Lab studies on mice have shed light on other vitamin D activities that may cause prevention or slowing of cancer development. Some of these activities include decreasing cancer cell growth, the stimulation of cell death, reduction in tumor blood vessel formation, and promotion of cellular differentiation.6
The Danger of Vitamin D Deficiency
With its cancer-fighting, bone-supporting, and immune-boosting capabilities, vitamin D is looking like a superhero hormone. Yet, vitamin D deficiency is a worldwide pandemic. The Institute of Medicine recommends that people up to the age of seventy get 200 to 600 IUs of vitamin D daily. But approximately 75% of U.S. teens and adults are not reaching these marks.7More than one billion people worldwide are vitamin D deficient.8
One of the main reasons vitamin D deficiency is so common is that we aren’t spending enough time under the sun. The greatest source of vitamin D for most people is exposure to sunlight. Vitamin D is actually the only vitamin that our bodies are able to manufacture, and it does so with sun exposure. But because we put on sunscreen when outdoors and most of us don’t live in a climate where it’s beach weather year round, many people don’t spend adequate time, unprotected, under the sun.
There also aren’t many natural dietary sources of vitamin D. You can find vitamin D in fatty fish like salmon, mackerel, or tuna. There are also small amounts of vitamin D in cheese, beef liver, and egg yolks. Everyday foods like orange juice, milk, and yogurt are frequently fortified with vitamin D in the United States. But if you don’t eat enough of these foods or don’t expose yourself to sunlight on a daily basis, look to a dietary supplement to meet your vitamin D needs.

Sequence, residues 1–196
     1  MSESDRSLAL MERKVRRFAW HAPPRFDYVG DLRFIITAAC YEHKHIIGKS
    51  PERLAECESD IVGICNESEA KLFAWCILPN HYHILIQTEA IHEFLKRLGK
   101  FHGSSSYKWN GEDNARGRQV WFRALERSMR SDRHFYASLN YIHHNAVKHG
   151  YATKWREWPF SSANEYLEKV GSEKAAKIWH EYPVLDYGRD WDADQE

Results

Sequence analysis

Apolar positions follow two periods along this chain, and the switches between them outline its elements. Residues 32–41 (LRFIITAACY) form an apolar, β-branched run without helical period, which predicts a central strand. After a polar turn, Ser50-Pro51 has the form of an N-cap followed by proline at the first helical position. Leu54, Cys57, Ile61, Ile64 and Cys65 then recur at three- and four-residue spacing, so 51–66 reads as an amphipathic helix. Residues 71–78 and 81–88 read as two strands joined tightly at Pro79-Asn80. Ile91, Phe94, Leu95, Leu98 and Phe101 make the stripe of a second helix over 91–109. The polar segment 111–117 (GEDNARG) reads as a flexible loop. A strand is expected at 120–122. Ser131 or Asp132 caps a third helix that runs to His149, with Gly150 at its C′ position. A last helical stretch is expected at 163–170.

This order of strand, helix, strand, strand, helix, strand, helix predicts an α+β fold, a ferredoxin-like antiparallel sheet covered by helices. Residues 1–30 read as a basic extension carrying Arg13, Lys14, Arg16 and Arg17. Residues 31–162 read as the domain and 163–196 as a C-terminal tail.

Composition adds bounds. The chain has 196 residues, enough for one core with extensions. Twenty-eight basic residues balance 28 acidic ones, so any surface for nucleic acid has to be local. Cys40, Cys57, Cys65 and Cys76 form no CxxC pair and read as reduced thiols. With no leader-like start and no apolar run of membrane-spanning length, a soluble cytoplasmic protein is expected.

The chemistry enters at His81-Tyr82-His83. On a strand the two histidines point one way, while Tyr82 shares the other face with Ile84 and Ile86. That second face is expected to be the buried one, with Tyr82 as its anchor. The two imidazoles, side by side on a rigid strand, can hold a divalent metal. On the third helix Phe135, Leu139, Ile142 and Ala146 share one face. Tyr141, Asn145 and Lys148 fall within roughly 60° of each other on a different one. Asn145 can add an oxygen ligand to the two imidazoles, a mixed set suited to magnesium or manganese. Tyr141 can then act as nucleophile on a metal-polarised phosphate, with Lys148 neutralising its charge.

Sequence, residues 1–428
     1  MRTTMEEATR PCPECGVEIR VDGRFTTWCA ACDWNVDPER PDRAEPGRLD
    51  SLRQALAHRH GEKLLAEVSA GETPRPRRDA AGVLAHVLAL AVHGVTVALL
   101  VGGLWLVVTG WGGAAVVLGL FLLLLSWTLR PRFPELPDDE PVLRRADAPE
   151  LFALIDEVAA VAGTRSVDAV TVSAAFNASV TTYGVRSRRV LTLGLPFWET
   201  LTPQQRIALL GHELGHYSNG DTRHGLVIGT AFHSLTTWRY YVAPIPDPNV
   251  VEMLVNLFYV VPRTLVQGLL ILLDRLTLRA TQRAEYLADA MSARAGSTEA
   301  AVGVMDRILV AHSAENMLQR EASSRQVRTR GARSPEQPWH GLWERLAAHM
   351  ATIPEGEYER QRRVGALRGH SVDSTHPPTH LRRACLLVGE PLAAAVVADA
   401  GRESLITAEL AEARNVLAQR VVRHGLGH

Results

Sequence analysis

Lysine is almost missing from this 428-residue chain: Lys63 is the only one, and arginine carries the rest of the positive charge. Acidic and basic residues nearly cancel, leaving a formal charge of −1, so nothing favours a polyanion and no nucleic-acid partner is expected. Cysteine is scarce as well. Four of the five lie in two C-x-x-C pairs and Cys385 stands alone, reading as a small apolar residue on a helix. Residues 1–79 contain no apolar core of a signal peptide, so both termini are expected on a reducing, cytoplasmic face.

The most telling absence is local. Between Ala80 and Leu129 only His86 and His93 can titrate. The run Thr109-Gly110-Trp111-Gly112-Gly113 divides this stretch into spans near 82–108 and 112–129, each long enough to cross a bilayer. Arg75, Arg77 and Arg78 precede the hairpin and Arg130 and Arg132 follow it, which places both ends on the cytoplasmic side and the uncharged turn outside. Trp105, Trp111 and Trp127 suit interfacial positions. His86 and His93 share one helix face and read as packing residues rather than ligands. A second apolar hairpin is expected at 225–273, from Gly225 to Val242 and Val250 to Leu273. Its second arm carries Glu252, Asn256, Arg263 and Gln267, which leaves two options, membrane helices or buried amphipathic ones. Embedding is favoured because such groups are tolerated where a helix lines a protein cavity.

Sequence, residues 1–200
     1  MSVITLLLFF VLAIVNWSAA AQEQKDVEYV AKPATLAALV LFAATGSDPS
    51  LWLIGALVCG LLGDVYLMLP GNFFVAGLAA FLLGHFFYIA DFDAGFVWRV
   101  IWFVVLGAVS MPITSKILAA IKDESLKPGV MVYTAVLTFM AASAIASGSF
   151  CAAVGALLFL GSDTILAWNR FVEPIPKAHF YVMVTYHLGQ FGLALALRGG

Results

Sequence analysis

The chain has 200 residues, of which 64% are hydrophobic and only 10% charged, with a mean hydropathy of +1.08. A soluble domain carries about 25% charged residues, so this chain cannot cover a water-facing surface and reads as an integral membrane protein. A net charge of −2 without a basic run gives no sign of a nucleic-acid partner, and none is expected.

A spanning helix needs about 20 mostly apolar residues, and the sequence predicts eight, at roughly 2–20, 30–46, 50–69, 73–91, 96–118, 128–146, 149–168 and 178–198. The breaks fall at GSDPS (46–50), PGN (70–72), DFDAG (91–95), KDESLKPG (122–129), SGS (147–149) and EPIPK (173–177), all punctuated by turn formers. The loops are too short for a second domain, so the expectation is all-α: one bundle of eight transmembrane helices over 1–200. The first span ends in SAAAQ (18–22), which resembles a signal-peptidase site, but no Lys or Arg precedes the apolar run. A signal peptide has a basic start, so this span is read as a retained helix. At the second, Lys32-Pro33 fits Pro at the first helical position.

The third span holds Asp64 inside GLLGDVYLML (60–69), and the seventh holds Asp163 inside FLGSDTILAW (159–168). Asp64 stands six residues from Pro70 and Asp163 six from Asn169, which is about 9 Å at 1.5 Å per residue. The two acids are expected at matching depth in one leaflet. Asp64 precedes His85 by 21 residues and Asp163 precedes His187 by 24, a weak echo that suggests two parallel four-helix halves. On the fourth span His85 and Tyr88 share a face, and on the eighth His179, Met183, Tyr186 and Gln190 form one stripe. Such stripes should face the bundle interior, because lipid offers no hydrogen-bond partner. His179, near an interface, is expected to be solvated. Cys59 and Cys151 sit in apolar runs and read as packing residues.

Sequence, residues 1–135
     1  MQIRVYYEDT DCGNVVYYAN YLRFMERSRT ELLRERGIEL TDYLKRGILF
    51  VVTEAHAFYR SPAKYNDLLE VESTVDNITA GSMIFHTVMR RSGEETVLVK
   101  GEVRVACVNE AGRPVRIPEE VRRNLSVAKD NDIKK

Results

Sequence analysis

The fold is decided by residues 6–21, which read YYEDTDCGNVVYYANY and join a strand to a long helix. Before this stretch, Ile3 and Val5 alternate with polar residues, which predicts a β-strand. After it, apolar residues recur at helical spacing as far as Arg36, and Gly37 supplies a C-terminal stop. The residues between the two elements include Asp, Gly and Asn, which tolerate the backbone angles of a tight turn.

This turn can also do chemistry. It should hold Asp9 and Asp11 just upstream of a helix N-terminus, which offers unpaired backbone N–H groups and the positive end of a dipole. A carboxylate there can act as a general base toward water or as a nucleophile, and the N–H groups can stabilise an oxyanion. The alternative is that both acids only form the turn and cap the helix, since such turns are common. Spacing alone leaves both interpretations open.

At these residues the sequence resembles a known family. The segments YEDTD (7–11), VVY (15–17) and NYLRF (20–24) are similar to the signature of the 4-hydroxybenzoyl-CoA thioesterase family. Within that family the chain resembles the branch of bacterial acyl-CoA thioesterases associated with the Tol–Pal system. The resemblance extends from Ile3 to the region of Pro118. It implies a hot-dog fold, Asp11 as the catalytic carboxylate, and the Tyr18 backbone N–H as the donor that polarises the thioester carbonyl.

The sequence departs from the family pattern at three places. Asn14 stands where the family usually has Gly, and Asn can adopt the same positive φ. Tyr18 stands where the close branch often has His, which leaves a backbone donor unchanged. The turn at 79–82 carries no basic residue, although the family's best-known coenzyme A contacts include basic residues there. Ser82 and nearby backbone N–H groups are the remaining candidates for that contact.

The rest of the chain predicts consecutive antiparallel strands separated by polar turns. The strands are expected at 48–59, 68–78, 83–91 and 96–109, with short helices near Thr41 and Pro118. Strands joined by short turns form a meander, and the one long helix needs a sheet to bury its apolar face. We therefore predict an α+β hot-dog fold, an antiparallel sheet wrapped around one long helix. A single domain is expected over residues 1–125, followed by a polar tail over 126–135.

The Bottom Line on Vitamin D and Breast Cancer
Approximately one in eight women in the United States will develop breast cancer in the course of her lifetime.9 While the research regarding vitamin D and breast cancer is relatively preliminary, there is intriguing evidence of substantial cancer-combatting capabilities. So, get more vitamin D. And belated Happy Vitamin D Day (November 2)!
1. “Low Vitamin D Levels Linked to High Risk of Premenopausal Breast Cancer.” UC San Diego Health System. January 24, 2013. Accessed November 2, 2014.
2. “Higher Vitamin D May Help Prevent Breast Cancer.” Harvard Health Publications. Accessed October 12, 2014.
3. Chang, L. “Benefits of Vitamin D – WebMD.” WebMD. Accessed October 5, 2014lol
4.Kim, Y., and Je, Y. “Vitamin D Intake, Blood 25(OH)D Levels, and Breast Cancer Risk or Mortality: A Meta-analysis.” British Journal of Cancer. May 27, 2014. Accessed November 1, 2014.
5. Whiteman, H., “High Vitamin D Levels May Increase Breast Cancer Survival.” MNT. March 17, 2014. Accessed November 2, 2014.
6. “Vitamin D and Cancer Prevention.” National Cancer Institute. Accessed November 2, 2014.
7. Lite, J. “Vitamin D Deficiency Soars in the U.S., Study Says.” Scientific American Global RSS. March 23, 2009. Accessed November 2, 2014.
8. “Information on the Latest Vitamin D News and Research.” Vitamin D Council. Accessed November 3, 2014.
9. “U.S. Breast Cancer Statistics.” Breastcancer.org, 20 Sept. 2014. Web. 3 Nov. 2014.
Photos courtesy of Shutterstock.